Even though the written assent of the Commission, without which there can be no compromise of tax claims in excess of $500, be said to be action in 'execution' of the statute, we think this case is not one for a court of three judges, because the injunction sought against the Commission is but incidental to the sole purpose of the suit to prevent the performance by local officers of a local function. The members of the Commission are not necessary parties to the suit, and there is no occasion for relief against them in addition to that sought against the Collector. The Commission, in the performance of its statutory duty, acts only to approve the exercise by local officers of an authority conferred on them as such. A suit to restrain the latter from carrying into execution a state statute by performance of the local function which it authorizes is not to be brought within the purview of § 266 by the expedient of adding as nominal parties state officers whose presence is not necessary to prevent the operation of the challenged statute and whose only action is the approval of that of local officers to be taken under it. In such circumstances their presence in the suit generates no interest which it is the purpose of § 266 to protect and must be regarded as colorable only for the purpose of securing the advantages of proceeding before a court of three judges, as was the presence of the state officers in Oklahoma Gas & Electric Co. v. Oklahoma Packing Co., supra, where it was held that there was no appeal under § 266.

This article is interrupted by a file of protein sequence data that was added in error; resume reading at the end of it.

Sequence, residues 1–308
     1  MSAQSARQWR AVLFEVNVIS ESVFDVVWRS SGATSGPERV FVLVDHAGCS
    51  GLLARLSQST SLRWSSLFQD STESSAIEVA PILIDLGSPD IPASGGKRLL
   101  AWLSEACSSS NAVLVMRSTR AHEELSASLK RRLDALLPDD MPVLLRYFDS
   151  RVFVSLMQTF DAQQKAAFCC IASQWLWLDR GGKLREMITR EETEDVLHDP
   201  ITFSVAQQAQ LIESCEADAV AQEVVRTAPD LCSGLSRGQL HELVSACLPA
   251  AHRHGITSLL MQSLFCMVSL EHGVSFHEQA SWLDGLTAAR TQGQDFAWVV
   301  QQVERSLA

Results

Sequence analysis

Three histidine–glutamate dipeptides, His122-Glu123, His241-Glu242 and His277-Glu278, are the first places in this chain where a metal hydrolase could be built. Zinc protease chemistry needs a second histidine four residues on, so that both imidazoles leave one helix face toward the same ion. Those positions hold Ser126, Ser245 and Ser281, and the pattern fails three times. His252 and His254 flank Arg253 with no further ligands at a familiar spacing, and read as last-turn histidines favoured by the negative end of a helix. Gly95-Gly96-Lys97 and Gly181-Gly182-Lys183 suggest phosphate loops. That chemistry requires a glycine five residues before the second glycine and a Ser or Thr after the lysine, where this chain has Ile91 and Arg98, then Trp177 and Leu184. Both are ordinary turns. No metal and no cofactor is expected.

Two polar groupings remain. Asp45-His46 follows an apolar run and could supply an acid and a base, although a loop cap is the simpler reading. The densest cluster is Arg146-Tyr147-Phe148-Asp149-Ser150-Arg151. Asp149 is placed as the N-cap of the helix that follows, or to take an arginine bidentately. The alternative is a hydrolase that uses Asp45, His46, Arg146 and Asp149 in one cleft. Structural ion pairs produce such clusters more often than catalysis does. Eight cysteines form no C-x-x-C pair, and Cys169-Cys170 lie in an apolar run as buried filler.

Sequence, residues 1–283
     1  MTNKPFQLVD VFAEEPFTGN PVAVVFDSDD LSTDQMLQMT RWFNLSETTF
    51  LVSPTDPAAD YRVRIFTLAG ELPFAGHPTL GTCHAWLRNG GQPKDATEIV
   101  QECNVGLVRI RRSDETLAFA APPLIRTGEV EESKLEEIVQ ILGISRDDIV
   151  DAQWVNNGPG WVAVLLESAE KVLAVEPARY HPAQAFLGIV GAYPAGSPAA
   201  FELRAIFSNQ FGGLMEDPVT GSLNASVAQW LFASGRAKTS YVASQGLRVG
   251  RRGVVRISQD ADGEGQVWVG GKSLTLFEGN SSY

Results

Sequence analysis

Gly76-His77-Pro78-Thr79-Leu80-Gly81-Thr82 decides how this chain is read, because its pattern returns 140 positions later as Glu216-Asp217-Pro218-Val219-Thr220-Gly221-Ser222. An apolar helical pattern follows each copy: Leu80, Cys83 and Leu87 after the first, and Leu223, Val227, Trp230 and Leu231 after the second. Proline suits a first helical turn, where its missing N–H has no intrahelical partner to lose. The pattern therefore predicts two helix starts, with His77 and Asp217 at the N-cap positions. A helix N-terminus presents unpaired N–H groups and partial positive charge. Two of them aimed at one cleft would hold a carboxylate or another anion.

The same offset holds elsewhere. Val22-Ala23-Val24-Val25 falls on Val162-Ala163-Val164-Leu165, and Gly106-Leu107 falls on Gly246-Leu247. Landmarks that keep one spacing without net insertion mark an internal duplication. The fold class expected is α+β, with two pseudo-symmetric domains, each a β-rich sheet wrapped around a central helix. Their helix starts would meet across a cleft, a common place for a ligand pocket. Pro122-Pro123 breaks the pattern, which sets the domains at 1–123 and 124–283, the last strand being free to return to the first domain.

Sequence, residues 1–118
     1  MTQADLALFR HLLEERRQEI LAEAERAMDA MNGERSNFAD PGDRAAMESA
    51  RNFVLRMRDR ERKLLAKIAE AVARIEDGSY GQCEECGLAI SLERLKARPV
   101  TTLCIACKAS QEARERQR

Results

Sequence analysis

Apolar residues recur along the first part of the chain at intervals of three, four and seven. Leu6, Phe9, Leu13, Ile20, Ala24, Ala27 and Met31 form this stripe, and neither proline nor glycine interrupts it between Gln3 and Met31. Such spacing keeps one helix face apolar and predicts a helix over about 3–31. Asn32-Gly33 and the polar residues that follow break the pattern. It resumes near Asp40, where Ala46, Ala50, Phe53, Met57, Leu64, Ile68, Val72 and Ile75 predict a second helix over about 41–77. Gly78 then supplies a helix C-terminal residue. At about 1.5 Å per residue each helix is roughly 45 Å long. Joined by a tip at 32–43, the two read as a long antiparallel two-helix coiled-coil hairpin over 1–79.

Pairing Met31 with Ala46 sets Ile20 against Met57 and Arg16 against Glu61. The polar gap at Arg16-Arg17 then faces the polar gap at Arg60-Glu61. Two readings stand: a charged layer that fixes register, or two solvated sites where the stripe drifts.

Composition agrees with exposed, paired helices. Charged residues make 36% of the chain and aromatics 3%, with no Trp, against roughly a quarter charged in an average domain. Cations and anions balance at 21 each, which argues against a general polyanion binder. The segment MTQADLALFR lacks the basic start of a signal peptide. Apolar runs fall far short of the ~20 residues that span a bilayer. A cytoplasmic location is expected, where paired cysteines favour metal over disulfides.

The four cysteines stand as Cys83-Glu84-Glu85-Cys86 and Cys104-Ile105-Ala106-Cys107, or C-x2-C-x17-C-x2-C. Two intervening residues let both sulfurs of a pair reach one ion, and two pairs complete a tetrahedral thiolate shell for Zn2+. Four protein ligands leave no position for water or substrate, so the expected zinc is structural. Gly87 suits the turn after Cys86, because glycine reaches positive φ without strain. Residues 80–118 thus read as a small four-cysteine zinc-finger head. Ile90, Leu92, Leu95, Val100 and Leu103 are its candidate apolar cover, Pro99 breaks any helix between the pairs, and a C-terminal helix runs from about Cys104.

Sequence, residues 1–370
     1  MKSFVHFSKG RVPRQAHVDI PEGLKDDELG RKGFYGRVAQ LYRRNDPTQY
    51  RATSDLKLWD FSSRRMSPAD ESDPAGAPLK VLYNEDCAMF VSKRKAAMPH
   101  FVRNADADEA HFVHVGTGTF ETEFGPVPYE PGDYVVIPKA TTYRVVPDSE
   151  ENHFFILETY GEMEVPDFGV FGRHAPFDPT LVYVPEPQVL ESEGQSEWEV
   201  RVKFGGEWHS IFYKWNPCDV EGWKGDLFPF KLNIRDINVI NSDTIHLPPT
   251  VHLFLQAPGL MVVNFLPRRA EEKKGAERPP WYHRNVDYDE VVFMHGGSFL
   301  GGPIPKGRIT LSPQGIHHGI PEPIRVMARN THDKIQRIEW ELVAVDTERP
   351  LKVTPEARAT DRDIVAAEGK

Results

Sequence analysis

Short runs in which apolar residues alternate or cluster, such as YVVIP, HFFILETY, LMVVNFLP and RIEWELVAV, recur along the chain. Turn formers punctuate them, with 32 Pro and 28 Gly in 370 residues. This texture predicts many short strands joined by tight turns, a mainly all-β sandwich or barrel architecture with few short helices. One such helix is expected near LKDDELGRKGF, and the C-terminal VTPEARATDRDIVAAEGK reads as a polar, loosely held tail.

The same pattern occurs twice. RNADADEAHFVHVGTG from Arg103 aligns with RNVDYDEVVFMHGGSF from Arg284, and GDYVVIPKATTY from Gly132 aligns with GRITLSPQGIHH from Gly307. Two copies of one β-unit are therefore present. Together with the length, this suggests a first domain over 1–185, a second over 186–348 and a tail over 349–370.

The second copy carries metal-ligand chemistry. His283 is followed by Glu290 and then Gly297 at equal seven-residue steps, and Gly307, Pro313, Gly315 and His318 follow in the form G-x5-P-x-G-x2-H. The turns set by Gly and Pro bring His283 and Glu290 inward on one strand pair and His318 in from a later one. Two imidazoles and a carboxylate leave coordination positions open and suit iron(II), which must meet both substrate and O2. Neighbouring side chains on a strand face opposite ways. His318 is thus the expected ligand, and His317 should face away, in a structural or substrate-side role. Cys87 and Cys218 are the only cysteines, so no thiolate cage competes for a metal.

The extraordinary procedure before a court of three judges, designed for a specific class of cases sharply defined by the statute, cannot properly be extended to cases in which there is no substantial basis for relief by injunction restraining the action of state officers in enforcing or carrying into effect a challenged state statute of general application. Ex parte Collins, supra; Oklahoma Gas & Electric Co. v. Oklahoma Packing Co., supra, 292 U.S. page 391, 54 S.Ct. page 734, 78 L.Ed. 1318. Here the issue is not one of jurisdiction of the district court as a federal court, see Ex parte Poresky, 290 U.S. 30, 31, 54 S.Ct. 3, 4, 78 L.Ed. 152; Healy v. Ratta, 292 U.S. 263, 54 S.Ct. 700, 78 L.Ed. 1248, but is whether a final hearing by three judges is prescribed by the section and hence whether this Court has jurisdiction to hear the appeal. Smith v. Wilson, 273 U.S. 388, 47 S.Ct. 385, 71 L.Ed. 699. As the case was not one for which a court of three judges is prescribed by § 266, no appeal lies to this Court and it is without jurisdiction to hear the merits of the appeal.
In the exercise of its appellate jurisdiction, this Court has authority to give such directions as may be appropriate to enforce the limitations of § 266, and may frame its mandate in such manner as will save to appellants their appropriate remedy by appeal to the proper court. Oklahoma Gas & Electric Co. v. Oklahoma Packing Co., supra; Gully v. Interstate Natural Gas Co., 292 U.S. 16, 54 S.Ct. 565, 78 L.Ed. 1088. But as is indicated by the briefs, appellants have already taken an appeal from the decree below to the Court of Appeals for the Third Circuit, and it thus appears that their remedy will be preserved by dismissing the appeal to this Court without more.
The appeal will be dismissed with costs to appellants. See Mansfield, Coldwater & Lake Michigan Ry. Co. v. Swan, 111 U.S. 379, 387, 4 S.Ct. 510, 514, 28 L.Ed. 462; Oklahoma Gas & Electric Co. v. Oklahoma Packing Co., supra.